We Gotta Pay Attention

It’s hard to pay attention to something (or someone) you’re not close to. Closeness invites attention.

God is the creator of all human beings, with all their differences, their colors, their races, their religions. Be attentive: Every time you draw nearer to your neighbor, you draw nearer to God. Be attentive: Every time you go farther from your neighbor, you go farther from God.

—Saint Dorotheos of Gaza


This is particularly convicting in our day because we have become so damn gifted at villainizing the other side. Whether it’s the other political party, the other faith, the other quarterback, the other skin color, the other sexual orientation, the other…

It’s as if we’ve become so hyped-up on detailing all the reasons why the other is our enemy that we completely forgot Jesus’ command to love our enemies. And neighbors. And brothers. Everyone, really. The command is to love.

“Our life is love, and peace, and tenderness;

and bearing with one another, and forgiving one another, and not laying accusations one against another;

but praying one for another, and helping one another up with a tender hand.” —Isaac Pennington

We gotta pay attention.

Tom Berlin said, “Being church means moving from the fortified position of I’m always right to the vulnerability of loving God and neighbor.”

We gotta pay attention.

In order to pay attention, we must be close. And closeness will always equal vulnerability.

Jesus didn’t side with the power-players, gate-keepers, guardians, or protectors of the status-quo. He placed himself in solidarity with the least, the last, the lost. He sided with the overlooked, the forgotten, the marginalized, the scorned, the despised, the oppressed.

We gotta pay attention.

Every time we use religion to draw a line to keep people out, Jesus is with the people on the other side of that line. —Hugh Hollowell

We gotta pay attention.

Rich Villodas is the lead pastor of New Life Fellowship Church in Queens, NYC. The people of New Life come from over 75 different nations and live in one of the poorer neighborhoods in Central Queens. About a year and-a-half ago, he wrote an article for Christianity Today in the wake of the no-indictment verdict in the Michael Brown and Eric Garner cases. Here is just a portion of that article…

In seminary, a wise professor presented the real question we need to answer in order to break down racial barriers. He said,

When it comes to breaking barriers of race, the question isn’t “Can I be your brother in Christ?” Rather, the question is, “Can I be your brother in law?”

This question gets to the core of reconciliation. It’s one thing to be in close proximity to someone who looks different than you. It’s another to be in relationship with one different than you.

The former is what I call “aesthetic multiethnicity.” The quintessential image that captures this (at least in NYC) is the subway car. The subway car is a crowd of anonymous, diverse people in close proximity to each other. This image gives the impression that barriers are coming down, but it is all an illusion. The biblical image of reconciliation goes far beyond being a sanctified subway car to something much more beautiful—namely, a reconciled community.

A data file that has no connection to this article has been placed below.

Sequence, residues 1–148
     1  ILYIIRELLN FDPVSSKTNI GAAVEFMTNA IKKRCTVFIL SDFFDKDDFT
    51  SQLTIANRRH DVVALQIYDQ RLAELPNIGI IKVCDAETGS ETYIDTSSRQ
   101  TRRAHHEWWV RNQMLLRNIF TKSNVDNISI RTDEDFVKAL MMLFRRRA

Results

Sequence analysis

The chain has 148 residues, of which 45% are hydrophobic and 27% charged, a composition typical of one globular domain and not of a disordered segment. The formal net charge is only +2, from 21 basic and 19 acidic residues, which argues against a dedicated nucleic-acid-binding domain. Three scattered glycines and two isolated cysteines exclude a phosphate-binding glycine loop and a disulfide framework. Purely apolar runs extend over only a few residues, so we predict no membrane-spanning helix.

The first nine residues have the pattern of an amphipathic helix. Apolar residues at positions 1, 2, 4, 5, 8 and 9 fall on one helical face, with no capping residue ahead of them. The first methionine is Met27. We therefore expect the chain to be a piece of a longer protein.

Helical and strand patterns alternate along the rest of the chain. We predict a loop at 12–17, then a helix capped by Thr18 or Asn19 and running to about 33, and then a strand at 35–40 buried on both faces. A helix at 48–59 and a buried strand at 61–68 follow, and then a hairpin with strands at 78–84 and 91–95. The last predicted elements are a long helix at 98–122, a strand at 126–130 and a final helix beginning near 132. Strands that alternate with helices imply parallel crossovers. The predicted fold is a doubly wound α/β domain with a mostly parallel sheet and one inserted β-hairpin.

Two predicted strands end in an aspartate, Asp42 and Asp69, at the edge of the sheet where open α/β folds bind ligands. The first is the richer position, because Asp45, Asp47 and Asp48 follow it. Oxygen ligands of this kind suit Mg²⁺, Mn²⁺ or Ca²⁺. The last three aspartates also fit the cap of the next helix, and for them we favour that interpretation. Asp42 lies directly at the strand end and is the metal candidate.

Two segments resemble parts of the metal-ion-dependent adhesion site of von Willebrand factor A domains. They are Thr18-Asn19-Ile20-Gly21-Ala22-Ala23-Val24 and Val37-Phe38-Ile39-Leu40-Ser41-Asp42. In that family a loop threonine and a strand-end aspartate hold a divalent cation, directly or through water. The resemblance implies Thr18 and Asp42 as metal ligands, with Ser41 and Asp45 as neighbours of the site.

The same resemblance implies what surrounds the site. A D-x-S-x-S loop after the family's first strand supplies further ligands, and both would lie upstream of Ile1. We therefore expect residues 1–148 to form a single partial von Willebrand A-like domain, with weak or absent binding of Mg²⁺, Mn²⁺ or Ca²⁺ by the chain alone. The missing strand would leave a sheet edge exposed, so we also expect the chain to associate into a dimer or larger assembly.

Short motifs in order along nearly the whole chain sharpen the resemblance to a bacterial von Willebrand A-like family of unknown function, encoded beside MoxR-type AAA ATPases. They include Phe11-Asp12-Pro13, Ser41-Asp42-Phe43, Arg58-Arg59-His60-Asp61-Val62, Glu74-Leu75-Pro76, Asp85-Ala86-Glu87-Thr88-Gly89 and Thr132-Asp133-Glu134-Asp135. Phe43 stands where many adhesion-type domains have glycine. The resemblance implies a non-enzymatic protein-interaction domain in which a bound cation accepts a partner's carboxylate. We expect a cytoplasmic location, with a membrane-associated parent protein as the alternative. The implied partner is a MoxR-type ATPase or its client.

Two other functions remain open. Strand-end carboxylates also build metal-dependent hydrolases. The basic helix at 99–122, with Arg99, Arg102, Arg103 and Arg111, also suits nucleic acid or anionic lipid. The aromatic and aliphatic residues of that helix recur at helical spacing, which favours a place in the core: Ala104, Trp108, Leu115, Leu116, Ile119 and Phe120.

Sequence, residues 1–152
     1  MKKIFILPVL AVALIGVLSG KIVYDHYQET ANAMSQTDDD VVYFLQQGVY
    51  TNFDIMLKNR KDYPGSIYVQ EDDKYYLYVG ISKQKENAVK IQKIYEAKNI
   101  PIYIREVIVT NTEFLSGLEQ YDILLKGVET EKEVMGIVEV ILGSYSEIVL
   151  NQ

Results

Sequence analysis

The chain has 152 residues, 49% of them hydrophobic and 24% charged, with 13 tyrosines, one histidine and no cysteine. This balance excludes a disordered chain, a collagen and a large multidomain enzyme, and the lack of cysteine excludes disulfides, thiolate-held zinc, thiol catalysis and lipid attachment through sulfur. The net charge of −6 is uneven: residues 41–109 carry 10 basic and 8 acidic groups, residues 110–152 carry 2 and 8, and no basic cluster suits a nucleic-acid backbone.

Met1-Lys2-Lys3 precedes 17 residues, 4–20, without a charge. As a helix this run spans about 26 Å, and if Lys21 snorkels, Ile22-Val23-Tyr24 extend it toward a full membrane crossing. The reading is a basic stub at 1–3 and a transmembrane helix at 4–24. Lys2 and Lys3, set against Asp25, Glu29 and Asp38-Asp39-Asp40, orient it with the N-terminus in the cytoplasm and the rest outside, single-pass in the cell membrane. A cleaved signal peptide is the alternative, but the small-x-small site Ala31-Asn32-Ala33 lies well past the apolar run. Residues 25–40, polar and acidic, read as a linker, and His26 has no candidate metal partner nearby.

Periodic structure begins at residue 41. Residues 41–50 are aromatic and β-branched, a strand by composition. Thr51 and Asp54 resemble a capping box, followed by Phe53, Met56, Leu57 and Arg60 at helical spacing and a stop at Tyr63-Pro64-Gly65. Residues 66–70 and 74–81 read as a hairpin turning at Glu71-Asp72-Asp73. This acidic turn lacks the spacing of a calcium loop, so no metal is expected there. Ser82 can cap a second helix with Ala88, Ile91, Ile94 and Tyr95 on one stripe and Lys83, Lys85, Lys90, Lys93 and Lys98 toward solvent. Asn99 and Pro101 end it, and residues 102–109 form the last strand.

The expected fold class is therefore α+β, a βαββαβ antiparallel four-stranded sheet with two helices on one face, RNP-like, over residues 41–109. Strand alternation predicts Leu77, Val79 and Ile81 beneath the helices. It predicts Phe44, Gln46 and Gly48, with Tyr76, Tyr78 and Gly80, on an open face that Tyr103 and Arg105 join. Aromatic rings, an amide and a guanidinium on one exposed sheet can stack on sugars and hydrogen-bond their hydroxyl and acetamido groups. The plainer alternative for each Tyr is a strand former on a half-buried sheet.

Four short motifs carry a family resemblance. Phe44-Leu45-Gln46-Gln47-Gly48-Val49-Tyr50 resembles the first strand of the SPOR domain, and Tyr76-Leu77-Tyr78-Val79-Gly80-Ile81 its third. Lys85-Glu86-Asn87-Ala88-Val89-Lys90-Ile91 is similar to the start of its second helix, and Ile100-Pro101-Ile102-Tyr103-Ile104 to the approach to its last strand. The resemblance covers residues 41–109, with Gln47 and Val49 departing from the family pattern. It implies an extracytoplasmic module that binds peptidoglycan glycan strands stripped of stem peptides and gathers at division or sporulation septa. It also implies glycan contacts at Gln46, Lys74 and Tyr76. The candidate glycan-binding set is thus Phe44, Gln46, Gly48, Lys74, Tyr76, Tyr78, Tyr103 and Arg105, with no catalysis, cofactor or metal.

In order to work toward a racially reconciled church community, we must first recognize that racism exists. Once we acknowledge this, as a church, we need to spend time learning and processing a theology of reconciliation. This means we must preach on it regularly as well as create space for dialogue in classes and other meetings.

But most importantly, we must learn to listen deeply to each other.

Douglas Steere said, “To listen to another’s soul may be almost the greatest service that any human being ever performs for another.” To become reconciled churches and communities, we need to learn to listen incarnationally. When we think of the word incarnation, we tend to immediately think of Christ coming and taking on human flesh for the purpose of our salvation. While that is true, the incarnation also serves as the framework for a flourishing world and, in this case, as a means of listening and conversing on the topic of race.

I’d like to submit three simple movements of incarnational listening:

1. Leave your world (leave what we are familiar with—risk, step out, especially in regards to race and culture.)

2. Enter into the world of someone else (through active, humble, and curious listening).

3. Allow yourself to be formed by another person and their worldview

In short, the incarnation describes not just Jesus’ ministry to us, but how we can listen to one another.

We gotta pay attention.

You can’t really understand a person’s beliefs and behavior until you know their story. Before judging someone, we’d do well to inquire about their story. In this way, the church should lead the way in storytelling and story-listening. —Rich Villodas


I am a husband, father, pastor, leader & reader. I love God, love people & love life.

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